During the October 1st Jeffco School Board meeting, members not only discussed mental health needs, but at one point, board member Susan Harmon pleaded to have more resources directed to mental health – for students and staff.
In previous budget discussions, the board did direct dollars be put toward more social emotional resources. But, considering the impact COVID is having on all of our community, for so many, it just doesn’t feel like it’s enough. And, you can’t spend dollars you don’t have.
This article in the Greeley Tribune -”Youth suicide rates during the pandemic foreshadow what experts say will be a “tsunami of need” – paints a seriously urgent need for more services for our youth: 31 suicides among 10-17 year olds between March and August of this year, “which is the same number of deaths recorded on average for the same period during the year prior years…”
We know mental health has risen to the top of concerns throughout our community and other’s, statewide and nationally. The impact COVID has had on rearranging how everyone must now live their lives, the drain on financial resources and health resources is really taking its toll. While we rightfully focus on students, and the toll all of this is having on our nation’s youth, we can’t afford to overlook the mental health of our school and teaching staff.
In this Forbes article by Garen Staglin, Co-Founder and Chairman of One Mind at Work, “The Mental Health Resources that Teachers Need”, the author discusses just that. https://www.forbes.com/sites/onemind/2020/10/06/the-mental-health-resources-that-teachers-need/#2d7db86479b9
We have such great expectations of our teachers –
“…First, teachers face an impossible choice: return to a potentially unsafe workplace, or give up their job and sense of purpose. As the President of the National Education Association (NEA), Lily Eskelsen Garcia, explained, Educators believe they are viewed as expendable, and they feel forced to choose between their jobs or the health of themselves and their loved ones.”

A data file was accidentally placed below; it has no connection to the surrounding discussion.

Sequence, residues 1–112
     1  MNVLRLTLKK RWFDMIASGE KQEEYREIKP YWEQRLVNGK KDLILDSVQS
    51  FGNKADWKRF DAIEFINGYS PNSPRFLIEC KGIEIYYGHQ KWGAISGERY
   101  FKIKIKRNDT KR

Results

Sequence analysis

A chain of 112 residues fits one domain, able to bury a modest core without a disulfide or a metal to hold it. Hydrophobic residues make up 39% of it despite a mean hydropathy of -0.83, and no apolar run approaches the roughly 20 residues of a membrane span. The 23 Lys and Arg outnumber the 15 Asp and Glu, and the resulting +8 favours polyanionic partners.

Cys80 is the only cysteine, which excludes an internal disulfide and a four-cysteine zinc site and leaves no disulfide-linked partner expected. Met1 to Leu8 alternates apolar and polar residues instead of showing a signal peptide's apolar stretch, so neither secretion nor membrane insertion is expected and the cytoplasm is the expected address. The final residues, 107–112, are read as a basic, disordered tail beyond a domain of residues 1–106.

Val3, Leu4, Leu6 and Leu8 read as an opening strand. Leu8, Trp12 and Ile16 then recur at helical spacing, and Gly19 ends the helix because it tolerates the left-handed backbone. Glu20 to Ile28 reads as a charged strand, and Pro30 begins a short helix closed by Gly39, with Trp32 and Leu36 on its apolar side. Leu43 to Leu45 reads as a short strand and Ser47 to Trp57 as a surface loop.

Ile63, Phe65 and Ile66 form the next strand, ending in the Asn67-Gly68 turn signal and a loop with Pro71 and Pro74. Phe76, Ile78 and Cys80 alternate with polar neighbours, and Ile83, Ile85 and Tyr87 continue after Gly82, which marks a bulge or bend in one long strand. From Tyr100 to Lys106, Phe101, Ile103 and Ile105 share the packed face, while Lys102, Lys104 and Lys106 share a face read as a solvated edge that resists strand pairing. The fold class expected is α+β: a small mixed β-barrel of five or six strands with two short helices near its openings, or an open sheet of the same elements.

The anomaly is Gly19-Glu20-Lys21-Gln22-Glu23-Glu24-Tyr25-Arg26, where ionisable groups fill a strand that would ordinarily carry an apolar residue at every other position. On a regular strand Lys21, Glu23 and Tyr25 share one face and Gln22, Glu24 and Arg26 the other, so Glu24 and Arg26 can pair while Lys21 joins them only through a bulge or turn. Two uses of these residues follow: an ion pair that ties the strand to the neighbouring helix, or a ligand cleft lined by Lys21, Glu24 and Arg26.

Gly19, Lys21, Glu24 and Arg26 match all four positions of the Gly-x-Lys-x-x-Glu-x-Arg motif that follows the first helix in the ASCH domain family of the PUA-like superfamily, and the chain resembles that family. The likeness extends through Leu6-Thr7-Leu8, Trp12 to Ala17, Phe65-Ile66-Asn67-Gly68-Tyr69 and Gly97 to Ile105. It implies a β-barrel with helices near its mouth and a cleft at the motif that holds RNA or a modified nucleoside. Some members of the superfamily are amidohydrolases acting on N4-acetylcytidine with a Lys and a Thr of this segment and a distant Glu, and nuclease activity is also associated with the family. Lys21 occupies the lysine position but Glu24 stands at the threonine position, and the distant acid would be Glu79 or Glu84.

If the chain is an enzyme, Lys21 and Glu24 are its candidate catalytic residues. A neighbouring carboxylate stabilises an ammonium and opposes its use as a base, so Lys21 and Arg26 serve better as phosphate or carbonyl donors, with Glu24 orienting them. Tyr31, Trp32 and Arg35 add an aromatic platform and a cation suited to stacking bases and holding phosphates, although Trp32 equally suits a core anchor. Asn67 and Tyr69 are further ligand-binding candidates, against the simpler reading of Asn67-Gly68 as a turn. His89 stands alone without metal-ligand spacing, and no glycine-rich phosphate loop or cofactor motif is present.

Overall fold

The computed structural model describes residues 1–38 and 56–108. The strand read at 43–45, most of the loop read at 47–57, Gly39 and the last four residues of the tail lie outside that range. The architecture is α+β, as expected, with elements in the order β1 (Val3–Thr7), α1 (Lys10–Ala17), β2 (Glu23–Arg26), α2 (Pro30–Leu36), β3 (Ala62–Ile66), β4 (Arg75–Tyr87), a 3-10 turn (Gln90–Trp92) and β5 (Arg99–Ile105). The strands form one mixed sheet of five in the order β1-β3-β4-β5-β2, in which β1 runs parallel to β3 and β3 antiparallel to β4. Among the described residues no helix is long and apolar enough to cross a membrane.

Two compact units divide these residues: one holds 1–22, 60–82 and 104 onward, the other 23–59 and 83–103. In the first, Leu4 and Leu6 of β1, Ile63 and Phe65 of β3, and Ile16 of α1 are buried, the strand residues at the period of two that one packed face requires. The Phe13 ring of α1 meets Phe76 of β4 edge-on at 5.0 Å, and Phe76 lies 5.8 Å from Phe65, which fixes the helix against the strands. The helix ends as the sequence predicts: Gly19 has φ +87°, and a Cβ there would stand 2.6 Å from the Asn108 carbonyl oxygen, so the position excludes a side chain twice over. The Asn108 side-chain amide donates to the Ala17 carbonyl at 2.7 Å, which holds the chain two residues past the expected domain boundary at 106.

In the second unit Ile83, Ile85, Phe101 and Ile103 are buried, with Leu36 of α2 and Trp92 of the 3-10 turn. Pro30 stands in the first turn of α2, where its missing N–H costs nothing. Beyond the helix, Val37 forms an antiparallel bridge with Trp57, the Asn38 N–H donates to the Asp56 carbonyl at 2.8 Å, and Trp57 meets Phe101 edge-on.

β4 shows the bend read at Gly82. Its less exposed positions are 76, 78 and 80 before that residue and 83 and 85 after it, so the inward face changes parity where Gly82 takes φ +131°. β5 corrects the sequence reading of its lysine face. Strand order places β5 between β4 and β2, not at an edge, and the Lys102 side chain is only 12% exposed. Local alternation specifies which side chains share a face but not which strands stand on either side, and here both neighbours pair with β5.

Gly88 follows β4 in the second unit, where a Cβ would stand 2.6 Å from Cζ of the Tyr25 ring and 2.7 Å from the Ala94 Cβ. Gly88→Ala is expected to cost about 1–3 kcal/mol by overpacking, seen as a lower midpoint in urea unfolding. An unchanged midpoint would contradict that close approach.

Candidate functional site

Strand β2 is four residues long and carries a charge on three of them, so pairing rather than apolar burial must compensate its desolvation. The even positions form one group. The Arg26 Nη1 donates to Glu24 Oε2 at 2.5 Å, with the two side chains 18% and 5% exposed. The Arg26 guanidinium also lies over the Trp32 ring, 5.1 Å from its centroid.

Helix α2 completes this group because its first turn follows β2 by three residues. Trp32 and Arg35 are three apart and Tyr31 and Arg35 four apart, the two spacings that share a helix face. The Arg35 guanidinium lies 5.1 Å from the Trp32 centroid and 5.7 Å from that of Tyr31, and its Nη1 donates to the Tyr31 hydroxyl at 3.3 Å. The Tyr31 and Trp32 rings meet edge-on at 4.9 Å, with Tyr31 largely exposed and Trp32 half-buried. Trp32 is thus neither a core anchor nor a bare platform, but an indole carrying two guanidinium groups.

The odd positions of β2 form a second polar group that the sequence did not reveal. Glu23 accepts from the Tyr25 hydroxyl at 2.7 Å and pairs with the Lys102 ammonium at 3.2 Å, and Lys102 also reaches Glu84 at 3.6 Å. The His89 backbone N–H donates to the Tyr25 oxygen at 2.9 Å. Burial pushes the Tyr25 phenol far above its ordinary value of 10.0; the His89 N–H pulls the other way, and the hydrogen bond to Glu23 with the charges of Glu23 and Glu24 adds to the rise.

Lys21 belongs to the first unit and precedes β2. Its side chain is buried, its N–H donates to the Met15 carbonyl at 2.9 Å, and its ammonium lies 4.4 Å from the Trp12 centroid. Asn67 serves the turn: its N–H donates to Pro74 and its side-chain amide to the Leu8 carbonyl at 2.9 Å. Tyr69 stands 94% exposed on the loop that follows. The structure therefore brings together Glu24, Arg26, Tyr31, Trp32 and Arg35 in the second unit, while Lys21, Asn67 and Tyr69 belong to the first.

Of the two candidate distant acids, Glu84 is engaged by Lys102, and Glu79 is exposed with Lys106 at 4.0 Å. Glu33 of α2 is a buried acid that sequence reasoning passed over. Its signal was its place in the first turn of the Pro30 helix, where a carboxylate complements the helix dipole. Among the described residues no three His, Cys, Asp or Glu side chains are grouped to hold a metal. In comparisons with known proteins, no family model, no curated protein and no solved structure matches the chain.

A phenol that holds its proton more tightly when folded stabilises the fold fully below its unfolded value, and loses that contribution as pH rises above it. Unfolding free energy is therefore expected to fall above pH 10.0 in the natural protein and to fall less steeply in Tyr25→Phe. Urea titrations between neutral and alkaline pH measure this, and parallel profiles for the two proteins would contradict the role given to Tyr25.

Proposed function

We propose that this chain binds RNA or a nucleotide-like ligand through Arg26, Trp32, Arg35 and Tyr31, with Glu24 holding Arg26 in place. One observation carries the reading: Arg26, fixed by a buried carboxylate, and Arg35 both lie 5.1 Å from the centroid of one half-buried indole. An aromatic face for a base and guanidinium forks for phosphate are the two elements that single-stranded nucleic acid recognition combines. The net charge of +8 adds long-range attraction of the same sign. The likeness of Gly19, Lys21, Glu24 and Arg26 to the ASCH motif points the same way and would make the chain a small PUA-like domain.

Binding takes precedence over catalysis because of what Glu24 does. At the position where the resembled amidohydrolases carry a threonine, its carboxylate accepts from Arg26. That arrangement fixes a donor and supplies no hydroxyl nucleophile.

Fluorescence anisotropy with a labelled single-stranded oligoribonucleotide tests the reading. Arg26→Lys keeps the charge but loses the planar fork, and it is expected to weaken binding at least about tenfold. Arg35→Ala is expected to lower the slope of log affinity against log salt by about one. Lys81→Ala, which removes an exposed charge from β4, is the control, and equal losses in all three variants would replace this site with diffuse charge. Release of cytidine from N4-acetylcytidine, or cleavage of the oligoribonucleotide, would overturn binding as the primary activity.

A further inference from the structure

We wish we had a ballot initiative for funding public K-12 education this November that we could urge voters to pass, that would bring more dollars to education and the state, making it possible to provide the desperately needed resources toward mental health, physical health (fighting COVID) and just paying our teachers. But alas, Initiative #271 never made it to the ballot. Instead, sadly, we are working hard just to preserve what funding we have in K-12/School Funding and prevent any more big cuts.
That’s why we are urging voters to pass Amendment B which would preserve the local funding share for our schools (as well as funding the county, fire districts, and special districts), and
to say NO to Proposition 116 which would reduce our state’s general fund revenue at a time when legislators have been forced to make drastic cuts to public education and other state services.
Regarding mental health – especially suicide prevention – Support Jeffco Kids continues to offer suicide prevention trainings (thanks to Shawna Fritzler’s training and certification) . Jeffco PTA also offers a sign-up for suicide prevention trainings, as well as a tab on their website with a long list of resources for suicide prevention, as does the our Jeffco school district, and there are county and state services (which also risk taking a cut to funding if either 116 or Amendment B go the wrong way).
Support Jeffco Kids Suicide Prevention Training:
Jeffco PTA Suicide Prevention Training:
Jeffco PTA Resources for Suicide Prevention:
Our state is in desperate need of more funding for public education, not less. Until we have the opportunity to consider a funding initiative on the ballot again, let’s make sure we spread the word on Amendment B (YES) and Proposition 116 (NO) so we don’t do any more damage to our already depleting resources.
This November 3rd, we strongly encourage you to vote your values.
“They say, if you want to know what a community values, look at how its children are treated. If you want a sense of what a community hopes for the future, look at how it values its schools.”